What Do Local Employers Say About Benefits?  Of the 22 employers in San Diego County, many provide medical insurance, disability insurance, dental insurance, life insurance, vision insurance, sick leave, vacation, and retirement plan, and some provide paid time off bank benefits to Home Health Aides who work full-time.

Percent of Employers Who Provide
Specific Benefits by Time Base
Benefit TypeFull-TimePart-Time
Medical Insurance59%14%
Disability Insurance55%9%
Dental Insurance50%9%
Life Insurance45%5%
Vision Insurance45%5%
Sick Leave41%23%
Retirement Plan41%27%
Paid Time Off Bank32%14%
No benefits18%45%
Source: EDD/LMID Local Occupational Information Survey.

Of the 13 employers surveyed who responded in San Diego County, who provides medical benefits, most reported that they pay half or more of the cost of medical insurance for full-time, and most reported that they pay half or more of the cost of medical insurance for part-time Home Health Aides.

Percent of Employers Who Paid Medical
Insurance by Portion Paid by Time Base
Portion Paid by Employer:Full-TimePart-Time
Half or more62%67%
Less than Half23%33%
Source: EDD/LMID Local Occupational Information Survey.

What is the Job Outlook?

The outlook for Home Health Aides is excellent. With more people living longer, more Californians are living with disability and/or illness. Most people needing care would prefer being cared for in their home rather than a nursing home or hospital, leading to more jobs for Home Health Aides.

This occupation will grow much faster than average compared with all occupations in California. This high rate of growth is expected to continue into the foreseeable future. The occupation provides good opportunities for job seekers who want a short training period and for those who want part-time or temporary work.

Projections of Employment

In California, the number of Home Health Aides is expected to grow much faster than average growth rate for all occupations. Jobs for Home Health Aides are expected to increase by 39.0 percent, or 17,500 jobs between 2012 and 2022.

In San Diego County, the number of Home Health Aides is expected to grow much faster than average growth rate for all occupations. Jobs for Home Health Aides are expected to increase by 33.4 percent, or 1,200 jobs between 2012 and 2022.

Estimated Employment and Projected Growth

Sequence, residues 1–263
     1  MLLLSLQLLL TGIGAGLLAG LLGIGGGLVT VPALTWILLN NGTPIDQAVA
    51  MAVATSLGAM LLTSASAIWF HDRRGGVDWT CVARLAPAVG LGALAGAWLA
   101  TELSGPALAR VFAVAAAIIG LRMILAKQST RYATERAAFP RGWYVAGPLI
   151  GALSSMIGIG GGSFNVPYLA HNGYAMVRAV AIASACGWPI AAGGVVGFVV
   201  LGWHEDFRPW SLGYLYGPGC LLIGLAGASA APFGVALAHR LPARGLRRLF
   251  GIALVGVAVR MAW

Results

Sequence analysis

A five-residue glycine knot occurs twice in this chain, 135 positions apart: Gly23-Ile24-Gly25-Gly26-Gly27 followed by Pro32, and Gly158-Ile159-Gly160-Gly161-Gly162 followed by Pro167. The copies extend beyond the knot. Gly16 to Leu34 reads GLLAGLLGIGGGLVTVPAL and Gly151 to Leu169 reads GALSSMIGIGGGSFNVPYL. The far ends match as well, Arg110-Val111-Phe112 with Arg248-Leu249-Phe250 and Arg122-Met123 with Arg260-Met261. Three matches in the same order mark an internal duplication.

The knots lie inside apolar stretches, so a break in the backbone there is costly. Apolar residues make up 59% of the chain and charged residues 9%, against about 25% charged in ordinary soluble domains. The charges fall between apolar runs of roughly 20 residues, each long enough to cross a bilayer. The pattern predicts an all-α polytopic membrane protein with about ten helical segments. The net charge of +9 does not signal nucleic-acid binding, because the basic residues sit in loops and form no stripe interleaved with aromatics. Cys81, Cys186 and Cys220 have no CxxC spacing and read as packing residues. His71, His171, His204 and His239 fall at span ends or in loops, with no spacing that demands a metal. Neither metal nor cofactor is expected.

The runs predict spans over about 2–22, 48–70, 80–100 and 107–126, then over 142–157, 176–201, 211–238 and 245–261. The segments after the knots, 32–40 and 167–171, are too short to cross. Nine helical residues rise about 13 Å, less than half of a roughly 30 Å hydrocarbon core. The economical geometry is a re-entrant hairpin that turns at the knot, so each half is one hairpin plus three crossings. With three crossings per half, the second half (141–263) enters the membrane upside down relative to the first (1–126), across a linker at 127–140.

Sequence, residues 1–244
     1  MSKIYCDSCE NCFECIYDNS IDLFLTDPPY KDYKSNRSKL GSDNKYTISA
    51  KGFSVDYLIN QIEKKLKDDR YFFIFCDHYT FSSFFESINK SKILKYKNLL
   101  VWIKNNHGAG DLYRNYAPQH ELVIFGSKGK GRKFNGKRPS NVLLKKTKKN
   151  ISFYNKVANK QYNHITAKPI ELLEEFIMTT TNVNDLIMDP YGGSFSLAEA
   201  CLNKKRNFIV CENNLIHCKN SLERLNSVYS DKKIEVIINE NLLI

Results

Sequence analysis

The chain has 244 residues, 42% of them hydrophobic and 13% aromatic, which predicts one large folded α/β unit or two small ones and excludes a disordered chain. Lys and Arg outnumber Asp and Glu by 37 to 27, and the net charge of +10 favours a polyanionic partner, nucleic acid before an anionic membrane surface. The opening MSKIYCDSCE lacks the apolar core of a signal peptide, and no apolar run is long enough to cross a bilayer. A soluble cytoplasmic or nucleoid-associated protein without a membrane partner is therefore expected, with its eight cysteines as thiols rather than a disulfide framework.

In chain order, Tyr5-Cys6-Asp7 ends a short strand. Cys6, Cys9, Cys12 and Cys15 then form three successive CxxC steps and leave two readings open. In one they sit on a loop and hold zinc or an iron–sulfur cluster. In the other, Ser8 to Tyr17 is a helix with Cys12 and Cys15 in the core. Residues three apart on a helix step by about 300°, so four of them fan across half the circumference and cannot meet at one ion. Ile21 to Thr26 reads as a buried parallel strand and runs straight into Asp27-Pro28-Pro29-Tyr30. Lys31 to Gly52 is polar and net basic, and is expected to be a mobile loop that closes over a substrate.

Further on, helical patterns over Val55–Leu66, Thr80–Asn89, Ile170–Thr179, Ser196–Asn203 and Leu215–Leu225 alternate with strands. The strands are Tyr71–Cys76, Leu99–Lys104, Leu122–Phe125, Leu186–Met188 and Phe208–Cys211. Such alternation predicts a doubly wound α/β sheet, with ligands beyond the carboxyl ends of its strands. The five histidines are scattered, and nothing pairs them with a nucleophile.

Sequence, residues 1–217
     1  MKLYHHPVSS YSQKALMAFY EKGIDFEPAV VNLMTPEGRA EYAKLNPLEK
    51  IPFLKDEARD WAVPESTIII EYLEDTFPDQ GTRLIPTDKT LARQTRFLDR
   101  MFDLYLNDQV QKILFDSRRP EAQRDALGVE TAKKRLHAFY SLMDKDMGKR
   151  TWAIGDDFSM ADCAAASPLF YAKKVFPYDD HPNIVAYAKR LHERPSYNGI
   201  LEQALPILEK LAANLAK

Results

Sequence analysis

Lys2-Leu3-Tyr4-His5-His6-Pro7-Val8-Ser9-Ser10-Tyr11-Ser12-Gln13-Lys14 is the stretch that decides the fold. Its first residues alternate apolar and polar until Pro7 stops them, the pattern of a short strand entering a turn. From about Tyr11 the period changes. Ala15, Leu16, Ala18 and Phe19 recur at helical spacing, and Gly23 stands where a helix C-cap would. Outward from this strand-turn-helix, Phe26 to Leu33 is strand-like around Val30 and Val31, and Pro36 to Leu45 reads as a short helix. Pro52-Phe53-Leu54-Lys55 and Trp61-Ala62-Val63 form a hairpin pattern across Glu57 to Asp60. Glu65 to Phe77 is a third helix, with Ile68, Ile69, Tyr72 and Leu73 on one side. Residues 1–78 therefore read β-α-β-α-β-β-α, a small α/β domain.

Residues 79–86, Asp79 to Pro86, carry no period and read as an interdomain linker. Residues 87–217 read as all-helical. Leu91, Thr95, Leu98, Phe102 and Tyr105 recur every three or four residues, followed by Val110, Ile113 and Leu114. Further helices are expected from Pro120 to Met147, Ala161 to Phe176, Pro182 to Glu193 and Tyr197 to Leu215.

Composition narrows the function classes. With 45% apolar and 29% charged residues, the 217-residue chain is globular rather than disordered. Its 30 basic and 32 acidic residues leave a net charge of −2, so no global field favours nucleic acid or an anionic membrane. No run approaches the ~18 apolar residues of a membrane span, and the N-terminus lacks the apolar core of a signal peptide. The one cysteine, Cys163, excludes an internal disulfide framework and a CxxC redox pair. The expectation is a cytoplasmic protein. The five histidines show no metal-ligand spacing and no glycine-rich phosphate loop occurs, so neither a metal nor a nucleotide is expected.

Home Health Aides
Geographic Area
(Estimated Year-Projected Year)
Additional Openings
Due to Net
San Diego County
Source: EDD/LMID Projections of Employment by Occupation
View Projected Growth for All Areas

Annual Job Openings

In California, an average of 1,760 new job openings per year is expected for Home Health Aides, plus an additional 850 job openings due to net replacement needs, resulting in a total of 2,610 job openings.

In San Diego County, an average of 120 new job openings per year is expected for Home Health Aides, plus an additional 68 job openings due to net replacement needs, resulting in a total of 188 job openings.

Estimated Average Annual Job Openings
Home Health Aides
Geographic Area
(Estimated Year-
Projected Year)
Jobs From GrowthJobs Due to
Net Replacements
Total Annual
Job Openings
San Diego County
Source: EDD/LMID Projections of Employment by Occupation
View Data for All Areas

How Do I Qualify?

Education, Training, and Other Requirements

A high school diploma is not required to work as a Home Health Aide. In general, Home Health Aides must take classroom and clinical training approved by the Department of Health Services, Aide and Technician Certification Section (ATCS). Course content includes basic nutrition, meal planning and cooking, home cleaning tasks, and ways for bathing, turning, and moving the patient. Home Health Aides also learn to deal with patients’ emotional problems caused by illness or aging and learn something about behavior, particularly in elderly patients.

Health care agencies that employ Home Health Aides must give them at least 12 hours of in-service training and do a performance review each year. Home Health Aides are required to renew their certification every two years.


There are no experience requirements for Home Health Aides. However, most employers prefer applicants who have experience in this occupation or a related field.

Early Career Planning

High school classes that might help pepare one for a job in this field includes domestic arts, strength training, English and a foreign language would be good preparation for a career in this field.

Apprenticeship and Work Study Programs

Adult education programs and regional occupational programs (ROP) in many local school districts give Home Health Aide training. In addition, some private career schools and colleges train for this occupation. The local EDD One-Stop Career Center can help the job seeker find training.

Licensing and Certification

Contact the agency that issues the license for additional information. Click on the license title below for details.

To work in California, Home Health Aides need a certificate issued by the California Department of Health Services (DHS).

Applicants need:

  • To be 16 years of age or older.
  • A report that gives medical history and states that the applicant can do the work without harm to self, patients and family members, or visitors.